Sovereignty stands for humanity and serves human ends, and States intervening in another state on grounds of humanitarian intervention should not be allowed to shield themselves behind the sovereignty principle. Tyranny and anarchy lead to the severe moral collapse of sovereignty. As in all moral matters, we have competing reasons of various kinds to guide behaviour. Sometimes, humanitarian intervention in a state is wrong despite the fact that the government of that state is itself guilty of serious human rights’ violations. Thus, we cannot always remedy the wrong even if it seems right for us to do so. On some occasions, intervention becomes heavily costly for the intervenor. And on many occasions, remedying a wrong means harming persons in unethical ways; i.e. in ways and to an extent that would be at least as morally unacceptable as the wrongs we are intending to remedy.
It can be claimed that humanitarian intervention is usually understood as a post-Cold War phenomenon. It is military intervention which serves strategic ends. But it is framed in such a way that it is usually considered to be carried out in pursuit of humanitarian ends. Moreover, it flourished in the 1990s as a result of the liberal notion of a “new world order”.
Nevertheless, after the US military campaigns in Afghanistan in 2001 and Iraq in 2003, serious concerns and doubts have been expressed regarding the benefits and motives of humanitarian interventions.
The question of humanitarian intervention is indeed one of the most fiercely disputed issues in global politics. Proponents of humanitarian intervention find it to be based on new and moralyl enlightened cosmopolitan sensibilities stressing that in a world characterised by growing interconnectedness or interdependence, humanitarian intervention is justified in order to facilitate the development of a rule-bound global order with roots in shared values, i.e. peace, democracy, and human rights.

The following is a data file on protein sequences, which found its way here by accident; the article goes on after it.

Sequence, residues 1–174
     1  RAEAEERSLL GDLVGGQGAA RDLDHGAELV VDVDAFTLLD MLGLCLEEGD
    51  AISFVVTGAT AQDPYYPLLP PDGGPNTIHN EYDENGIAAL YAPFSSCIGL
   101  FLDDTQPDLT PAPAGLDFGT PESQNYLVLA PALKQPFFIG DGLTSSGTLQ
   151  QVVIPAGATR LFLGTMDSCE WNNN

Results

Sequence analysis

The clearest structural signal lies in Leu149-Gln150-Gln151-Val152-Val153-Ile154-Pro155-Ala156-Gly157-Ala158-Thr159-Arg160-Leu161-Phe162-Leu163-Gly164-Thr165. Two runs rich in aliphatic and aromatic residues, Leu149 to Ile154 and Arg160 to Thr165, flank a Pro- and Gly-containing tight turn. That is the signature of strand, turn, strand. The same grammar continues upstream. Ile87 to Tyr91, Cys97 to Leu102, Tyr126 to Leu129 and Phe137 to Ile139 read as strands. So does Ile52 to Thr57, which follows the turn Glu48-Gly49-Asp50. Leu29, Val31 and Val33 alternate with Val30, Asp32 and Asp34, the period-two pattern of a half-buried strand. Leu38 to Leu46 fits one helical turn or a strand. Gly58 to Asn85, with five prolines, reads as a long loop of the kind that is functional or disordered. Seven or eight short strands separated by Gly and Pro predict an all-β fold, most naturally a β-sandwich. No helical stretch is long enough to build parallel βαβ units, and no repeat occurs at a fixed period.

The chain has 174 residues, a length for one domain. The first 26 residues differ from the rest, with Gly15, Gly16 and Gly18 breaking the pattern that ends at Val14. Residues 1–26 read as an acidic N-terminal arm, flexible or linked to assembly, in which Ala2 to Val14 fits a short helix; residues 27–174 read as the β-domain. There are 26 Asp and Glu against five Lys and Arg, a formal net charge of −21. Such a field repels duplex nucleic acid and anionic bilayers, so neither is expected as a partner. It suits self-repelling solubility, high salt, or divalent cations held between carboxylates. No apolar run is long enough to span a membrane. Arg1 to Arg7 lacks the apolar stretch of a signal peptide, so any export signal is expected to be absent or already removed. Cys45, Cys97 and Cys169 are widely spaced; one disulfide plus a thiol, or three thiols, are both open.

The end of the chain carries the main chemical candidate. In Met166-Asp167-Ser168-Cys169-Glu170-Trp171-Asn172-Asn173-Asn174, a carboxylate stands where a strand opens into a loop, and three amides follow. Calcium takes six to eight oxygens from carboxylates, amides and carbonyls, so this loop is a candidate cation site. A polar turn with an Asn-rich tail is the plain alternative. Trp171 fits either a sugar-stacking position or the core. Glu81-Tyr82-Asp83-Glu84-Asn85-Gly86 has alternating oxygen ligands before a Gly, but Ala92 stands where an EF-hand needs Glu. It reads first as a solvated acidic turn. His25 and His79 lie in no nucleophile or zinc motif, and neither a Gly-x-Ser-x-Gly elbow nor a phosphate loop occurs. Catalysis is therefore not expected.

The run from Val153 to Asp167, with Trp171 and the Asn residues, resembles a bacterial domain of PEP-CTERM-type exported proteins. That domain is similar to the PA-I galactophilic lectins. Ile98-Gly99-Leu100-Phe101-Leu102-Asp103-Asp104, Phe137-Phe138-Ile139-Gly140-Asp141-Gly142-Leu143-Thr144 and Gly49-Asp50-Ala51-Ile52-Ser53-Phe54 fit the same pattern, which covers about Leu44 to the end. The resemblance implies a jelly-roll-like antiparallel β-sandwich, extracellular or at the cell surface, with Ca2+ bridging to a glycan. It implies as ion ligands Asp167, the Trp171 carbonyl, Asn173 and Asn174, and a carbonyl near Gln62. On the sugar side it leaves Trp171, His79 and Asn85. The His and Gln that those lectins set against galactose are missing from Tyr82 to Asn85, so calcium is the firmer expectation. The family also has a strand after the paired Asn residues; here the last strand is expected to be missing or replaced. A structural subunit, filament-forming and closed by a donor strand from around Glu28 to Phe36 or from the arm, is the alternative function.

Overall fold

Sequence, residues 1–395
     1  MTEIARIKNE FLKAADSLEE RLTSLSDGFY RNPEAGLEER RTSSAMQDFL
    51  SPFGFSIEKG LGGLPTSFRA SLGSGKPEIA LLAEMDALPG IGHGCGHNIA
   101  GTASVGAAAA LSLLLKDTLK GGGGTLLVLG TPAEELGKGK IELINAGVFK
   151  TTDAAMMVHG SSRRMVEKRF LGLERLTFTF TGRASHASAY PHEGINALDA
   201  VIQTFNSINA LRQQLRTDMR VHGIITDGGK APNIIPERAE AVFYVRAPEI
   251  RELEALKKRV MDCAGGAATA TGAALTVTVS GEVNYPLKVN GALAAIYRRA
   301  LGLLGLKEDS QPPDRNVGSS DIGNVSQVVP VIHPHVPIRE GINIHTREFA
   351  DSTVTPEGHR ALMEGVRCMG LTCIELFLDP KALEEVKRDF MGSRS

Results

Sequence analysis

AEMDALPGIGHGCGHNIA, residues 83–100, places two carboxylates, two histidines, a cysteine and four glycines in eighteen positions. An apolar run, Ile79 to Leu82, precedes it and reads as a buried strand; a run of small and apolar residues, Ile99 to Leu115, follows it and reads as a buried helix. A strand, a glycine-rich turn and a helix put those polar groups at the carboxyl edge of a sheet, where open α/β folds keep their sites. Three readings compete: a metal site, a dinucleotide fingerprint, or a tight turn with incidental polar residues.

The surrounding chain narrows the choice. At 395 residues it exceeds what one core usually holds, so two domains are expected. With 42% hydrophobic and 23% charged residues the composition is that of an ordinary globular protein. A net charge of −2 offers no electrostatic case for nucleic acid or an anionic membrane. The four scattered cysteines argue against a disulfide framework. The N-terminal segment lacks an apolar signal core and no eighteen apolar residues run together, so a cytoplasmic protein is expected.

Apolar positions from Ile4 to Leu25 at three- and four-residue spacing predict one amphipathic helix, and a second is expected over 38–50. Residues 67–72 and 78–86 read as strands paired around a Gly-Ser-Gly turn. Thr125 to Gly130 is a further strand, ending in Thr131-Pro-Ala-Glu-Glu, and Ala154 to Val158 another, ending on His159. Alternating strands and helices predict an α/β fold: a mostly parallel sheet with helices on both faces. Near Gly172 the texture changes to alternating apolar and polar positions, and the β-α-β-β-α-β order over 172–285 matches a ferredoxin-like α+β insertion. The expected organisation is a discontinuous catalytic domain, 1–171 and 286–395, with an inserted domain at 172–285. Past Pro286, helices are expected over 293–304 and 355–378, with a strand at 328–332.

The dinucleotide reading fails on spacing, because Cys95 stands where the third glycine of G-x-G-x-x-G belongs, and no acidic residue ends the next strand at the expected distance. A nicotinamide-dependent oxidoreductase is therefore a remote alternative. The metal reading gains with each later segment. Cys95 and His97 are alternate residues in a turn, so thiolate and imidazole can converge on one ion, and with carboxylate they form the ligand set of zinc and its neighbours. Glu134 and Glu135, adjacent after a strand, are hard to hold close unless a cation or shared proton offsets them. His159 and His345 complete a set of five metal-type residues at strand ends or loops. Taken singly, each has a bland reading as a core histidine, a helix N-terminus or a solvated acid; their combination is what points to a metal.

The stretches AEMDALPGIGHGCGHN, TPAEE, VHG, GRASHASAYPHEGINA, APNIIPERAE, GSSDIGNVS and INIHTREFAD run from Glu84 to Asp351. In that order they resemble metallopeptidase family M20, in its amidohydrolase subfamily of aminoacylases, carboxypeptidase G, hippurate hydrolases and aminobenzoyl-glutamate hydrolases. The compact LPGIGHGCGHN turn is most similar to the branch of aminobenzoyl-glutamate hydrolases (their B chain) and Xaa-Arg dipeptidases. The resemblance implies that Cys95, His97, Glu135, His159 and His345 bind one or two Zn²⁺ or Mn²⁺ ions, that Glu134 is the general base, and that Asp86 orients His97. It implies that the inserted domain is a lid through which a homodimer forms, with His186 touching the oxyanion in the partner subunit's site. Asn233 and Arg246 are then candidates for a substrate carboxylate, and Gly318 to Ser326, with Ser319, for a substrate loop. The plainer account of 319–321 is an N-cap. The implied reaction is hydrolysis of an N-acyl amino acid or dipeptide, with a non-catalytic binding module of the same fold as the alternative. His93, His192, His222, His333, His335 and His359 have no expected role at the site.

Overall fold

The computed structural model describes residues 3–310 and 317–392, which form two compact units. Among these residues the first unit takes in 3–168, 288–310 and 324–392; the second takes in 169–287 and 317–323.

The concept of responsibility to protect has given a moral dimension to humanitarian intervention, but the international community still faces many legal and political challenges while handling the humanitarian crisis. This happens because of multiple conflicts, i.e. conﬂicts in concept, conﬂicts in legal regulation, and conﬂicts in the legitimacy of humanitarian intervention involved.
Humanitarian intervention since the end of the Cold War has had devastating results for the countries affected. The main reason lies in the fact that the idea of humanitarian intervention is incompatible with the existing international order. However, the international community, which justifies humanitarian intervention on grounds of morality which is completely unrealistic and nothing more than a myth, seems to be convinced that the idea is both desirable and feasible despite its contradiction with the existing international system.
Apart from a fundamental transformation of the international order, the problem of alienation cannot be totally solved. But normalisation, institutionalisation, and legalisation of the concept can help find a solution to the problem of alienation.